Malaria is one of the world's deadliest diseases: it infects hundreds of millions of people every year, and kills about half a million, most of them under five years of age.
There is no vaccine. Experts agree that an effective vaccine could transform how we deal with the disease, potentially saving millions of lives. Now, researchers at the University of Maryland School of Medicine (UM SOM) are testing a malaria vaccine that has shown success in early tests.
They recently started a Phase 1 trial of the vaccine to test its safety and efficacy, in a place where malaria is common.
The trial, which will test the PfSPZ Vaccine, began last month in Burkina Faso, West Africa. The study is a joint project of the country's National Center for Malaria Research and Training and the UM SOM Institute for Global Health (IGH).
The trial is a follow-up to successful clinical trials conducted at the UM SOM Center for Vaccine Development in Baltimore. A study by the same group of researchers, completed earlier this year, found that the vaccine protected against malaria infection up to a year after vaccination.
The vaccine was originally developed by Sanaria, a biotech company based in Rockville, Maryland. The current trial is funded by the National Institute of Allergy and Infectious Diseases, part of the National Institutes of Health (NIH). (Grant number: NIH U01AI112367)
"This trial will tell us a lot about how the vaccine works on the ground, in a place where malaria is a real problem," said Matthew B. Laurens, associate professor of pediatrics at the UM SOM and IGH, who is co-leading the study. "If the vaccine can work here, it has the potential to help reduce the terrible harm malaria does around the world." Dr. Laurens is director of the International Clinical Trials Unit in the IGH Division of Malaria Research.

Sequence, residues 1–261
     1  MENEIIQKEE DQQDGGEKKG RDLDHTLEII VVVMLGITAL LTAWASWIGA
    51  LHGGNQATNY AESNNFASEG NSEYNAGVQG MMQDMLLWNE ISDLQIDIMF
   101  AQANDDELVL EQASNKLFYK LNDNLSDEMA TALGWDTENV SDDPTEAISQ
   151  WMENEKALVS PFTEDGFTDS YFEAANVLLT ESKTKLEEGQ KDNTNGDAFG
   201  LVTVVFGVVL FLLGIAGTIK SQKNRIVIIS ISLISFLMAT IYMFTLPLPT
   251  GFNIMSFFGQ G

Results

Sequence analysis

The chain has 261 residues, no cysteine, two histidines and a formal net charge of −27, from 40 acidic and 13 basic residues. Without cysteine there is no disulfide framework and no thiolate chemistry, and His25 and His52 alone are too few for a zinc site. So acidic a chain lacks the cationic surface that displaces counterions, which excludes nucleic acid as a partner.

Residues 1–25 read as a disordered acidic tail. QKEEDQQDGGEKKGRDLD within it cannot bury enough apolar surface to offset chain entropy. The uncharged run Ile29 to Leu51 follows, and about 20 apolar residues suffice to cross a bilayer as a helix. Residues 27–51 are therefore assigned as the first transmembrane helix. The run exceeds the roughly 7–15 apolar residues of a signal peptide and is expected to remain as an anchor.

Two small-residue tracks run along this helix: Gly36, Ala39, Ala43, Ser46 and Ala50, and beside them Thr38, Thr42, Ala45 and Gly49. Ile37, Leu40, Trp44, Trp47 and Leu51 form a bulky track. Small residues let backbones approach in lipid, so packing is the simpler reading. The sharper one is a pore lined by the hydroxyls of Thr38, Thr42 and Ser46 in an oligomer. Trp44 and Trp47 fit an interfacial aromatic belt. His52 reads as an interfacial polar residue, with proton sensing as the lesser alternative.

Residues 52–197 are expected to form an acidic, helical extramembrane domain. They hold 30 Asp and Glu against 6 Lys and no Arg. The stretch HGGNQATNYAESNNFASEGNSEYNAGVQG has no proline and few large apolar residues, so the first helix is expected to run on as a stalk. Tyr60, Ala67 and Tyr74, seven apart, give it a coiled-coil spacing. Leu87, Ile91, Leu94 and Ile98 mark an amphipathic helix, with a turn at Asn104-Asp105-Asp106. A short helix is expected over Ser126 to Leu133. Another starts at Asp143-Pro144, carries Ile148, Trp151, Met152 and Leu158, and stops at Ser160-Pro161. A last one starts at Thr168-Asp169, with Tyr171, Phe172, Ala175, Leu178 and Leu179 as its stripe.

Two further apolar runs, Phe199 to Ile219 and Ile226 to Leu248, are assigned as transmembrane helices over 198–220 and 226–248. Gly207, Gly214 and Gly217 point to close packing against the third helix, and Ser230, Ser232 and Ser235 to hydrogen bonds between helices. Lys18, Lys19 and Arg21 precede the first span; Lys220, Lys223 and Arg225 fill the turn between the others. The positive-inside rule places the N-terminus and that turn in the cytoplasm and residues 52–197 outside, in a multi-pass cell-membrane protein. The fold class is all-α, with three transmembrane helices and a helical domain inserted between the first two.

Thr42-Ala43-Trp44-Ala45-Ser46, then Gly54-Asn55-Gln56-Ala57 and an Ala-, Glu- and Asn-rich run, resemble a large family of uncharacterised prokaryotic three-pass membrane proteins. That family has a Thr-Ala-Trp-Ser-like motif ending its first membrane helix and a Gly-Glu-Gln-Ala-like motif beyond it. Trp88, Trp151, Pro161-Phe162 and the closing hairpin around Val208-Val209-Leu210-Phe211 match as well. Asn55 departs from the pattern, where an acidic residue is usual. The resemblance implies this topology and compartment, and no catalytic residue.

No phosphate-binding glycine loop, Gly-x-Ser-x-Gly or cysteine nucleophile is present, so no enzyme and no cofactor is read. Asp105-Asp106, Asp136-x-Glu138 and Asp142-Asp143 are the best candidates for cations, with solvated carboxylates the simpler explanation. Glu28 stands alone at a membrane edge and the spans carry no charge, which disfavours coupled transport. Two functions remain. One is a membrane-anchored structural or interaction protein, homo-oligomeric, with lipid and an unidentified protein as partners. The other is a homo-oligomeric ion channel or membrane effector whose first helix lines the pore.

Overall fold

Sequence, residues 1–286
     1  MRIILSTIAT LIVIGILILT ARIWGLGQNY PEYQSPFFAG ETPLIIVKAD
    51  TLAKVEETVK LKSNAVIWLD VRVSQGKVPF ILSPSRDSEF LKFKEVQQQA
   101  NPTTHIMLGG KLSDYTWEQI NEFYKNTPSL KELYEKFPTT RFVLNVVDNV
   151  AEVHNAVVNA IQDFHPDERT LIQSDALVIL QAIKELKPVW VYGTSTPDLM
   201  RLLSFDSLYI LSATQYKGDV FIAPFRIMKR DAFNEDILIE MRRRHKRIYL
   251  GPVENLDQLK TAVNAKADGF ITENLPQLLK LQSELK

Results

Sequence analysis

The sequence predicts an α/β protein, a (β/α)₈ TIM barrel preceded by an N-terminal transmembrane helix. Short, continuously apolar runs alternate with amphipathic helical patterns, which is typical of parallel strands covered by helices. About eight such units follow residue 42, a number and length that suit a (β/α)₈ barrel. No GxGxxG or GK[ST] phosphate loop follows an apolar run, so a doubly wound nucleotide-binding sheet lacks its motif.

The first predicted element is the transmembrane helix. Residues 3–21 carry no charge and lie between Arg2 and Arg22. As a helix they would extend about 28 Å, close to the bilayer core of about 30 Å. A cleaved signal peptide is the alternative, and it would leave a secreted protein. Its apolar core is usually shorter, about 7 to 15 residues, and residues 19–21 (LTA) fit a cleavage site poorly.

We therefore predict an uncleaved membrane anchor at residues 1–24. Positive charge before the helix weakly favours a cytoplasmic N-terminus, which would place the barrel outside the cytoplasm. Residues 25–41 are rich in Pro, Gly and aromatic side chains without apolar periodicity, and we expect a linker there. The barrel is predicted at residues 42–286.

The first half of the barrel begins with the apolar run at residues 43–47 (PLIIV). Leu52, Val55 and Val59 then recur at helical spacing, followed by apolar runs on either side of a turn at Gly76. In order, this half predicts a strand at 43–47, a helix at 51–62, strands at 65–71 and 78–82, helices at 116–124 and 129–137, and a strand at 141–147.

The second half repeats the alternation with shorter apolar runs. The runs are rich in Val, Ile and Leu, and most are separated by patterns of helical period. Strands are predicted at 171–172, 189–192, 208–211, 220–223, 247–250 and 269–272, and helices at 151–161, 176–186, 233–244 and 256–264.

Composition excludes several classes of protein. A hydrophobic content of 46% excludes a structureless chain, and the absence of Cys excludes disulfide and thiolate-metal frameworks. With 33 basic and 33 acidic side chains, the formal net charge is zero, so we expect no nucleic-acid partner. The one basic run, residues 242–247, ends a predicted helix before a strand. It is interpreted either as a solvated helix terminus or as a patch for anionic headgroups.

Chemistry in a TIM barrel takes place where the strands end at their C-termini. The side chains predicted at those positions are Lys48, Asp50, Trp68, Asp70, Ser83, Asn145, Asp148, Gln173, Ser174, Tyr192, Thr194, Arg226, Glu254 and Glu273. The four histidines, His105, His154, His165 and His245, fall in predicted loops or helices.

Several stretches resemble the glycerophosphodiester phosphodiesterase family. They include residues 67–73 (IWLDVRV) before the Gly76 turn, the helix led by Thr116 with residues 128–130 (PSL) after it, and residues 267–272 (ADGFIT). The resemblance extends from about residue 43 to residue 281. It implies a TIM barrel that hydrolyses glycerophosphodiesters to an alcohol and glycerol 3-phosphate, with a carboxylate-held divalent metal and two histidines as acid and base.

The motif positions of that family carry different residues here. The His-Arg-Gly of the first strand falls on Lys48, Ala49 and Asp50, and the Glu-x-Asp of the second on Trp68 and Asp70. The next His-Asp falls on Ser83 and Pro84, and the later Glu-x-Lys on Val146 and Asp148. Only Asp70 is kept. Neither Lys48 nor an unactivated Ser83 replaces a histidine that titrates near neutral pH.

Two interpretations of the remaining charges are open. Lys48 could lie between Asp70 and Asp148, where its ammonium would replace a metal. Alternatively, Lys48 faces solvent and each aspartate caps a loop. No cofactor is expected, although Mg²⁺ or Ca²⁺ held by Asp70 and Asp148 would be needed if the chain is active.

Christopher Plowe, director of IGH, is also co-leading the trial. The study will be the first to test the highest dose of the vaccine given so far, and will be one of the first to evaluate how it works against naturally-transmitted malaria in Africa. The higher dose is needed to overcome pre-existing immunity to malaria in regions where the disease is common. Preliminary testing suggests that it will be very effective at this dose.
Development of a malaria vaccine is crucial for malaria control and elimination. A vaccine would complement existing tools against malaria, such as insecticide-treated bed nets, post-infection medical treatment, and preventive therapy in pregnant women. "By itself, a vaccine won't end malaria," said Dr. Plowe. "But an effective vaccine could get us there a lot faster."
The trial will enroll 112 adults, and will continue through 2018. It will examine four different doses of the vaccine to see if they are safe. If no safety concerns are identified, an additional 80 adults will receive the highest dose to examine both its safety and efficacy against naturally-transmitted malaria over two years.